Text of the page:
GILES COREN

Giles Coren on fa­thers (him) and sons (Sam, aged 4). This month: do as you would have been done by

Esquire (UK) - - Contents -

In his new col­umn, Man & Boy, the ed­i­tor-at-large re­flects on how his past will in­form his father­ing skills

Imag­ine be­ing of­fered the chance to start again. To go back to the very be­gin­ning of your life and do it one more time, know­ing what you know now. Would you take it?

I think most peo­ple would. I think at the very least we would go back and make a few tweaks: be kinder to our baby sis­ter; try harder to make friends in the first year at school; pay more at­ten­tion in maths; tell the girl we love from afar how we truly feel; not marry the psy­cho or get the tat­too or drive the car af­ter 14 pints. Maybe write the book or build the log cabin in the woods or sim­ply not give up karate/cricket/Japanese/jazz gui­tar just when we were get­ting good (be­cause we were 15 and any­thing that wasn’t video games or wank­ing seemed point­less) and thus have the chance to ar­rive at this point in our lives, now, in the sum­mer of 2017, hap­pier, more ful­filled, more suc­cess­ful pro­fes­sion­ally, spir­i­tu­ally, ro­man­ti­cally, sex­u­ally…

If you wouldn’t, well then hats the fuck off to you, Romeo, be­cause, at the very least, ev­ery man I know would go back and do an aw­ful lot more shag­ging. If you think you have done so well with the hand God gave you that your life story is one long list of happy events, good for­tune, ex­cel­lent de­ci­sions and op­ti­mal out­comes, then you’re go­ing to have to piss off right now. Be­cause I don’t write for peo­ple like you. No­body does. You just go and sit down naked in front of the ball­room mir­ror of your

enor­mous house in Chelsea and bang one out while wink­ing at your­self, like you do ev­ery morn­ing.

Be­cause me, if I had the chance to go back, I would change ev­ery­thing.

The first week of my life went broadly OK: I do ac­cept that I was lucky to be born into a cre­ative, lib­eral and rea­son­ably wealthy fam­ily in the great­est city in the world. But I had an an­gry fa­ther and a full-time work­ing mother, two things I would change if I could. Not change who they were, just what they did. My mum would be around more and my dad wouldn’t smack me.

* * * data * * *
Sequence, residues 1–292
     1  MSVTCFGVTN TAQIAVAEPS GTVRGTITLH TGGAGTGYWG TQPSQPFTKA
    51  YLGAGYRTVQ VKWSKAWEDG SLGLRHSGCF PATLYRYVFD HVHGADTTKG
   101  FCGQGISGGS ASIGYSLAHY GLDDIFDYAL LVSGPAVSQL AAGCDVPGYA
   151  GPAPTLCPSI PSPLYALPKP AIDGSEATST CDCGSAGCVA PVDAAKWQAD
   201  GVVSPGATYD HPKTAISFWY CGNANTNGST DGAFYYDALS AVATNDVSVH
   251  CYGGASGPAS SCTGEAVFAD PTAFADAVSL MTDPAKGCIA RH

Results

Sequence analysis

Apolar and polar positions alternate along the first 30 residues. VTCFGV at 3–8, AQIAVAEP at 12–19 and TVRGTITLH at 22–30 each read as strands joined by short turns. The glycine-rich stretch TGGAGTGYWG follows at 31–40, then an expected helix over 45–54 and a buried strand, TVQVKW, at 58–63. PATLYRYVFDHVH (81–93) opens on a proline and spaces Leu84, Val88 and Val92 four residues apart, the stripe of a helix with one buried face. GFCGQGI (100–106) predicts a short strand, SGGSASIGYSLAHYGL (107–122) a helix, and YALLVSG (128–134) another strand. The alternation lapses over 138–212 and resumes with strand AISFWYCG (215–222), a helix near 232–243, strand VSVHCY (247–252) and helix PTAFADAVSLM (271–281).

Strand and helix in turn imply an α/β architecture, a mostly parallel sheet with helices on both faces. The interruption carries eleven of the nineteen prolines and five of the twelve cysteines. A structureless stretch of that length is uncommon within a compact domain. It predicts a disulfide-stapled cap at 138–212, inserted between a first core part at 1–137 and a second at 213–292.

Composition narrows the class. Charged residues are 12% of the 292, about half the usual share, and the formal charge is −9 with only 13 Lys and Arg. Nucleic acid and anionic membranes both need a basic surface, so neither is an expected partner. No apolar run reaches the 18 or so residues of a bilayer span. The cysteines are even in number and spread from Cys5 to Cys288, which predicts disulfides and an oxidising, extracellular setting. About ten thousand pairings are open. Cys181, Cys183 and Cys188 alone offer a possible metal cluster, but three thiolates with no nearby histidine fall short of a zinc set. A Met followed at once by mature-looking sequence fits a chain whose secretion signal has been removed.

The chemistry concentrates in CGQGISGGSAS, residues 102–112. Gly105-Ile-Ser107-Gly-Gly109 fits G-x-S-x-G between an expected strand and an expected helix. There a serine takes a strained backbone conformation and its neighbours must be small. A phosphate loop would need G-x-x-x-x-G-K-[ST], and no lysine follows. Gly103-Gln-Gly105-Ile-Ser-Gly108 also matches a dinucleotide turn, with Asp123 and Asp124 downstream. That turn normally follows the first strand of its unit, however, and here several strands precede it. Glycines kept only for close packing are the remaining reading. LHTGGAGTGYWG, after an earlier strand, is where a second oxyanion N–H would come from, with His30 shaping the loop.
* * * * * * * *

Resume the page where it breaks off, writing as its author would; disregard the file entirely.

And I wouldn’t be born at the end of July and thus al­ways be the youngest and small­est in my year at school. It meant I felt stupid in class and over­com­pen­sated by show­ing off, which made the teach­ers and pupils dis­like me. And it meant I strug­gled to make sports teams for which I was suit­able in terms of abil­ity, on ac­count of my rel­a­tive small­ness. The knock-on ef­fect has been that I still feel short even now, de­spite be­ing of per­fectly av­er­age height for a 47-year-old.

And then I wouldn’t be cir­cum­cised. I’m cool with it these days but it meant I didn’t shower for five years at board­ing school for fear of be­ing beaten up. And I didn’t start hav­ing sex un­til I was 18, for shame, push­ing away the hands of ev­ery girl I snogged at 15, 16, 17, the mo­ment they went for my cock, be­cause I didn’t want them to see that some­one else had got there first, with a knife.

Did I say board­ing school? Yeah, well, that wouldn’t hap­pen ei­ther. Who brings chil­dren into the world just to send them away? Nor would I be in sin­gle sex ed­u­ca­tion from six to 16 — a ridicu­lous warp­ing of pri­or­i­ties, with ef­fects from which I have never fully re­cov­ered. And at what­ever school I ended up at­tend­ing the sec­ond time around, I would not try so hard to do well aca­dem­i­cally, at the ex­pense of hav­ing fun and mak­ing friends.